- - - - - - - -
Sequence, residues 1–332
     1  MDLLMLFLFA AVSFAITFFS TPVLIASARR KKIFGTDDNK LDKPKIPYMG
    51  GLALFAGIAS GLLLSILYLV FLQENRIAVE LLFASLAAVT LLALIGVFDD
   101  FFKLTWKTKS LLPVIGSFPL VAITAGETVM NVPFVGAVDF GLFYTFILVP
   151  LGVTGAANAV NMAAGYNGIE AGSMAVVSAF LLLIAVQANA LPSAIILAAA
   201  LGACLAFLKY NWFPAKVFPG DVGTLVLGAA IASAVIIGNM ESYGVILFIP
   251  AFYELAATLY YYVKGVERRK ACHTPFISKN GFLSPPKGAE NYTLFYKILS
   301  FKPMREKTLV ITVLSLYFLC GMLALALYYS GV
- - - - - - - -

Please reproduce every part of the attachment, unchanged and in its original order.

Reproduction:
Sequence, residues 1–332
     1  MDLLMLFLFA AVSFAITFFS TPVLIASARR KKIFGTDDNK LDKPKIPYMG
    51  GLALFAGIAS GLLLSILYLV FLQENRIAVE LLFASLAAVT LLALIGVFDD
   101  FFKLTWKTKS LLPVIGSFPL VAITAGETVM NVPFVGAVDF GLFYTFILVP
   151  LGVTGAANAV NMAAGYNGIE AGSMAVVSAF LLLIAVQANA LPSAIILAAA
   201  LGACLAFLKY NWFPAKVFPG DVGTLVLGAA IASAVIIGNM ESYGVILFIP
   251  AFYELAATLY YYVKGVERRK ACHTPFISKN GFLSPPKGAE NYTLFYKILS
   301  FKPMREKTLV ITVLSLYFLC GMLALALYYS GV